Feeling stressed during the coronavirus lockdown? Your children can tell — no matter how hard you try to hide it
- Researchers from the US studied the interactions between parents and children
- They found that kids have a physical response when parent’s hide their feelings
- This process can see stress transferred to the children — as wasn’t intended
- Furthermore, the team found that fathers are better at hiding their feelings
- Here’s how to help people impacted by Covid-19
Feeling stressed during the coronavirus lockdown? Your children can tell — no matter how hard you try to hide it, a study has found.
Researchers found that parents suppressing feelings of stress around their children can actually transmit those emotions to the kids.
Dads were better at hiding their feelings from their kids than stressed mums — but only because children are so accustomed to father’s swallowing their emotions.
Sara Waters of Washington State University in the US and colleagues studied interactions between 107 parents and children, who were all aged seven to 11.
They found that youngsters had a physical response when their parents tried to hide their emotions.
Scroll down for video
Feeling stressed during the coronavirus lockdown? Your children can tell — no matter how hard you try to hide it, a study has found
‘We show that the response happens under the skin,’ said Dr Waters.
‘It shows what happens when we tell kids that we’re fine when we’re not. It comes from a good place; we don’t want to stress them out. But we may be doing the exact opposite.’
The researchers studied 107 parents — nearly half of whom were fathers — and their children, first getting baseline measurements from both parent and child before they asked each to list the top five topics that caused conflict between them.
The parents and children were then separated and each parent was asked to perform a stressful activity — such as public speaking — to activate the body’s stress response system.
With the parent suitably stressed, they brought the corresponding child back in and asked them to have a conversation about the topic that ranked highest on both of their conflict lists.
Half of the parents were asked to suppress their emotions during the conversation.
The interactions were all filmed and scored by third party viewers, who didn’t know which parents were in which group.
The parents and children also had sensors on their bodies to measure their physiological responses.
The researchers found that, for the groups suppressing emotions, both parents and children were less warm and engaged with each other.
‘That makes sense for a parent distracted by trying to keep their stress hidden, but the kids very quickly changed their behaviour to match the parent,’ said Dr Waters.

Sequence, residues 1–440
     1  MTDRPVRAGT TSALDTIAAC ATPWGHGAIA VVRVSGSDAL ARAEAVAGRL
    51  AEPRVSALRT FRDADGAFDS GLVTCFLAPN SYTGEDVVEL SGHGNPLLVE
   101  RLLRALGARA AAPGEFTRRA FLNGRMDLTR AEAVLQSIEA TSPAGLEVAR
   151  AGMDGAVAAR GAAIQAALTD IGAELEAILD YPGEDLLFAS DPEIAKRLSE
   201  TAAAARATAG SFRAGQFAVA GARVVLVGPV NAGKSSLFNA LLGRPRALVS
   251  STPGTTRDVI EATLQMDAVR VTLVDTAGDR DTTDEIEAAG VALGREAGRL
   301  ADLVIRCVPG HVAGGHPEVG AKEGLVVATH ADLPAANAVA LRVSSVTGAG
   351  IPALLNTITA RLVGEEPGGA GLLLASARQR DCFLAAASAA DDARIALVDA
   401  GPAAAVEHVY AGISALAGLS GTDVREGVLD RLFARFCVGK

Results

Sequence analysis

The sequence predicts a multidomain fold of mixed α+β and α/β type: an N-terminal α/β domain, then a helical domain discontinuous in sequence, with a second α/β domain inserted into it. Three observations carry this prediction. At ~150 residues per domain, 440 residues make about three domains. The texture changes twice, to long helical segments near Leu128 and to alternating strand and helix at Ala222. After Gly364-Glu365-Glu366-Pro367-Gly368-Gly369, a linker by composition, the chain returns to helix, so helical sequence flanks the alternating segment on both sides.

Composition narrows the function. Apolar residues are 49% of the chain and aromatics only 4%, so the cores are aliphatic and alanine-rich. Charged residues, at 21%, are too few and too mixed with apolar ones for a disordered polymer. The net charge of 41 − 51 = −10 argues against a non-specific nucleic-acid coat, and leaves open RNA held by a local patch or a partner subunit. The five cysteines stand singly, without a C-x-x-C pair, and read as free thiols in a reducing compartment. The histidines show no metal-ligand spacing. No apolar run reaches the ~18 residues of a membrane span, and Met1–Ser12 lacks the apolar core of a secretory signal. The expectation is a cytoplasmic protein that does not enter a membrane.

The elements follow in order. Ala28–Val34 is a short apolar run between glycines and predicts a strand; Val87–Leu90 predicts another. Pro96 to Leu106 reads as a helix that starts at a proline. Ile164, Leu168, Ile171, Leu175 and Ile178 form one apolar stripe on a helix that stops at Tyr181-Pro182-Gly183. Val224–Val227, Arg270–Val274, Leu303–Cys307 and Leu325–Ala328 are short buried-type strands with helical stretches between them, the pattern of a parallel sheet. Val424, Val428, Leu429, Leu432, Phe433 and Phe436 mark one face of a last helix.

‘So if you’re stressed and just say “Oh, I’m fine”, that only makes you less available to your child.
‘We found that the kids picked up on that and reciprocated, which becomes a self-fulfilling dynamic.’
The researchers found that mothers in the control group didn’t transmit their stress to their children. But, for mothers asked to suppress their emotions, their children exhibited more signs of stress, both physiologically and externally. It wasn’t the same for fathers
The researchers found that mothers in the control group didn’t transmit their stress to their children.
But, for mothers asked to suppress their emotions, their children exhibited more signs of stress, both physiologically and externally. It wasn’t the same for fathers.
‘We found that mums and dads were different,’ Dr Waters said.
‘We were looking for a physiological response, but there wasn’t one in either the control or the experimental condition where dads transmitted stress to their kids.’
‘We think that fathers not transmitting their suppressed stress may be because, often, fathers tend to suppress their emotions around their children more than mothers do.’
‘The kids have experience with their dad saying things are fine even when they’re not.’
‘But it was more abnormal for kids to see their mum suppressing their emotions and they reacted to that.’
She explained that the more out of control parents feel — and during a global pandemic that feeling is likely exacerbated — the stronger they have an impulse to reassure their kids that everything is okay.
‘Research shows that it’s more comforting for kids to have their feelings honoured than just be told “It’s going to be fine.”,’ Dr Waters said.
Just sit with them and give them a chance to regulate those emotions on their own,’ she added.
‘Try not to show that you’re frustrated with them, or solve their problem. And try to do the same for yourself, give yourself permission to be frustrated and emotional.’
Dr Waters said that her biggest fear over the publication of the study is it will cause parents even more stress.
‘We don’t want this to be another thing that parents stress out about when raising their kids,’ she added.
‘It’s not that you are screwing up — but honour your feelings and your child’s feelings.’
‘Be brave enough to look at it. Kids will work their way through it; they’re good at it.’
‘Giving yourself permission to feel opens up your mind to more and better problem solving. It’s a good thing.’
The full findings of the study were published in the Journal of Family Psychology.
Source: Read Full Article